RAS guanyl nucleotide-releasing protein (RASGRP) is a member of a family of genes characterized by the presence of a Ras superfamily guanine nucleotide exchange factor (GEF) domain. It functions as a diacylglycerol (DAG)-regulated nucleotide exchange factor specifically activating Ras through the exchange of bound GDP for GTP. It activates the Erk/MAP kinase cascade and regulates T-cells and B-cells development, homeostasis and differentiation.
Alternatively spliced transcript variants encoding different isoforms have been identified. The corresponding rat gene rbc7, which lacks a 5-prime exon, represents a 5-prime and 3-prime truncated version of a larger normal rat transcript that encodes a predicted 90-kD protein. This shorter transcript has not been found in humans.
In November 2016 a 12-year-old patient was hospitalized for repetitive infections. Scientists have assumed that a genetic problem might be the reason. More specifically, the genetic cause is a defect of the RASGRP1 gene which makes it inactive. .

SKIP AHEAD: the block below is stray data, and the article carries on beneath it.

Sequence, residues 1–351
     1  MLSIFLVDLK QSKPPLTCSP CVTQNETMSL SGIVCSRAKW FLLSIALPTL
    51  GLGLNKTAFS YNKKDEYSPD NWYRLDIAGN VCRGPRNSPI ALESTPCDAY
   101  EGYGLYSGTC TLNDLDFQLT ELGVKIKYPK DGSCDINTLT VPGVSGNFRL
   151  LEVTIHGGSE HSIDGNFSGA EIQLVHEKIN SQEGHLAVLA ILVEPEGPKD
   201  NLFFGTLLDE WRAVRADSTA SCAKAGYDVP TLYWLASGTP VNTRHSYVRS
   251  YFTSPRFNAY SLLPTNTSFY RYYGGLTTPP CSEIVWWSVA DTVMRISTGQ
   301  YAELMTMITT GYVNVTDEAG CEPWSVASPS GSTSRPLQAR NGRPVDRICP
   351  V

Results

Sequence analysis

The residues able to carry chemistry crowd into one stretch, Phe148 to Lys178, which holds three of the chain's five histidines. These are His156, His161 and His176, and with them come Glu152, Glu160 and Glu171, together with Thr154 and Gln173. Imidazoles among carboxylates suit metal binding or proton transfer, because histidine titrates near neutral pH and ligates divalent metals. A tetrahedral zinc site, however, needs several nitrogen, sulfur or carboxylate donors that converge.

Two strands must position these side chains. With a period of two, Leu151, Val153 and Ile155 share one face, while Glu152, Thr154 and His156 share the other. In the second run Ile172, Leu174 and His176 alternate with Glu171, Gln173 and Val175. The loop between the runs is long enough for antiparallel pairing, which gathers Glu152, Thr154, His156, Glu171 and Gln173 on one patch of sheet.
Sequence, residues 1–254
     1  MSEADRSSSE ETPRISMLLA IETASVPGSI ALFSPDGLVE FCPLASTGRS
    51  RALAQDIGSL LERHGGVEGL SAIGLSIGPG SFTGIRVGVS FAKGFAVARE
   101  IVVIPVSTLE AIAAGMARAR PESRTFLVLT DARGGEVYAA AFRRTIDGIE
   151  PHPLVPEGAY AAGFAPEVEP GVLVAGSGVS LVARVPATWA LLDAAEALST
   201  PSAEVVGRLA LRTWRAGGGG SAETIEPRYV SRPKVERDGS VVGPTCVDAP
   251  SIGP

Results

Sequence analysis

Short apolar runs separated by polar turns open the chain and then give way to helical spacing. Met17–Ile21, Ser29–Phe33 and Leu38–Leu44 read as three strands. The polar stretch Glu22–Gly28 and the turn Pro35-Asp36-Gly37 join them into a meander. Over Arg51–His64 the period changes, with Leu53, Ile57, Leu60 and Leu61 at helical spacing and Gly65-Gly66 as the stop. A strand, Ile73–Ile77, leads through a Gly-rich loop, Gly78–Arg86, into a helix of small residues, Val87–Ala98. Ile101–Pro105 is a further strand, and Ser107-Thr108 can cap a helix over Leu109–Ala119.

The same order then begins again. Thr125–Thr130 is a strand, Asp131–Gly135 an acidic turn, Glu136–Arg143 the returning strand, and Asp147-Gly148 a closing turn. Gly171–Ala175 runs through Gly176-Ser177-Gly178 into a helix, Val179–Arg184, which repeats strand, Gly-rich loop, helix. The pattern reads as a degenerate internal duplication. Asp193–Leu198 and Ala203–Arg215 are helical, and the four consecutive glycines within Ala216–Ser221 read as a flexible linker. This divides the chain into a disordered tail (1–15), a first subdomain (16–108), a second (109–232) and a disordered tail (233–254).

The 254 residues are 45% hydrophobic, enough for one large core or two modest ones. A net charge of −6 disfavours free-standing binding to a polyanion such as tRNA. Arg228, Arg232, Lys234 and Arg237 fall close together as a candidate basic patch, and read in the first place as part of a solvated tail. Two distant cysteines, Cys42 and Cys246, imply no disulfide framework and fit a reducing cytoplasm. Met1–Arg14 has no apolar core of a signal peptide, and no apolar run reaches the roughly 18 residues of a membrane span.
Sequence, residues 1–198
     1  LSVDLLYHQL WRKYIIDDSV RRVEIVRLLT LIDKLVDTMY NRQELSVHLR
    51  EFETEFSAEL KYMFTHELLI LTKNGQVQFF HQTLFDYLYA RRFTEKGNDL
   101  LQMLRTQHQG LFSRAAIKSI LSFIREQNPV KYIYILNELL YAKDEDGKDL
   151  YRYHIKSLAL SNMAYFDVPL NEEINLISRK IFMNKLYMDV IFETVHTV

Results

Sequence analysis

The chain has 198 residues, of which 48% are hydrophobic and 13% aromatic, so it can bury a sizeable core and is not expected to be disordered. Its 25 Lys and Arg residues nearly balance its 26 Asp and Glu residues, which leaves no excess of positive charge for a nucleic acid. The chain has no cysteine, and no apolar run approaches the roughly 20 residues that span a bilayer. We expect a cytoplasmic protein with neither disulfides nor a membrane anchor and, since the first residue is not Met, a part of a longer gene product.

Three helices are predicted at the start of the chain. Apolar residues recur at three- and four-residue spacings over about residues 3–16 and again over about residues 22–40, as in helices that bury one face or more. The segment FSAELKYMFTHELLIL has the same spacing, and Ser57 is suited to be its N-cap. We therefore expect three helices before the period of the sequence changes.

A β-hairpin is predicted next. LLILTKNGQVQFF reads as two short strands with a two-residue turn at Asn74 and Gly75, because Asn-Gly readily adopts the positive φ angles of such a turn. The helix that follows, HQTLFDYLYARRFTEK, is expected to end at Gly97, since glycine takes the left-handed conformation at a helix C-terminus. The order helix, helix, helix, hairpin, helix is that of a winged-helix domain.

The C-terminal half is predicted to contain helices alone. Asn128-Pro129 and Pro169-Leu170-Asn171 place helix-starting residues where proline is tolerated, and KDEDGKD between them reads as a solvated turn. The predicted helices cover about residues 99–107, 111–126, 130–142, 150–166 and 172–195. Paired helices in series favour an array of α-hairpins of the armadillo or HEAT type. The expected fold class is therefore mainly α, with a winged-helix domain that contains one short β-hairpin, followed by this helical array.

RASGRP1 plays a role in the functions of natural killer cell dyneins. Since dyneins are motor proteins, their function is to circulate the elements inside the cells. Dr. Orange's laboratory studies have established a functional link between the defects of natural killer cells and dyneins, which in combination with Other observations led doctors to try the drug lenalidommide to treat the patient. The drug was able to reverse certain effects of the mutation RASGRP1.
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